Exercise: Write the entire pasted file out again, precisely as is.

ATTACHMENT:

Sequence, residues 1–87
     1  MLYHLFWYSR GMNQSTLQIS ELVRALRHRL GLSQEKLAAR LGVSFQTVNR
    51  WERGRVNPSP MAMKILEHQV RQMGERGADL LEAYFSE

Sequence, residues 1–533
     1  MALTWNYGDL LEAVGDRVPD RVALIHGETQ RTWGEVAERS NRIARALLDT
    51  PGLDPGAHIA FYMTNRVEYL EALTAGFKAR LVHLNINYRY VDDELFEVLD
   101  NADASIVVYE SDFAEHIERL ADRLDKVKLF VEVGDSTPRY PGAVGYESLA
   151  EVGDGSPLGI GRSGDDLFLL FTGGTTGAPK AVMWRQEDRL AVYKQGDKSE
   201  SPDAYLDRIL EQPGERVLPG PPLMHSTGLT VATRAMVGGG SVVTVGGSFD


Sequence, residues 1–87
     1  MLYHLFWYSR GMNQSTLQIS ELVRALRHRL GLSQEKLAAR LGVSFQTVNR
    51  WERGRVNPSP MAMKILEHQV RQMGERGADL LEAYFSE

Sequence, residues 1–533
     1  MALTWNYGDL LEAVGDRVPD RVALIHGETQ RTWGEVAERS NRIARALLDT
    51  PGLDPGAHIA FYMTNRVEYL EALTAGFKAR LVHLNINYRY VDDELFEVLD
   101  NADASIVVYE SDFAEHIERL ADRLDKVKLF VEVGDSTPRY PGAVGYESLA
   151  EVGDGSPLGI GRSGDDLFLL FTGGTTGAPK AVMWRQEDRL AVYKQGDKSE
   201  SPDAYLDRIL EQPGERVLPG PPLMHSTGLT VATRAMVGGG SVVTVGGSFD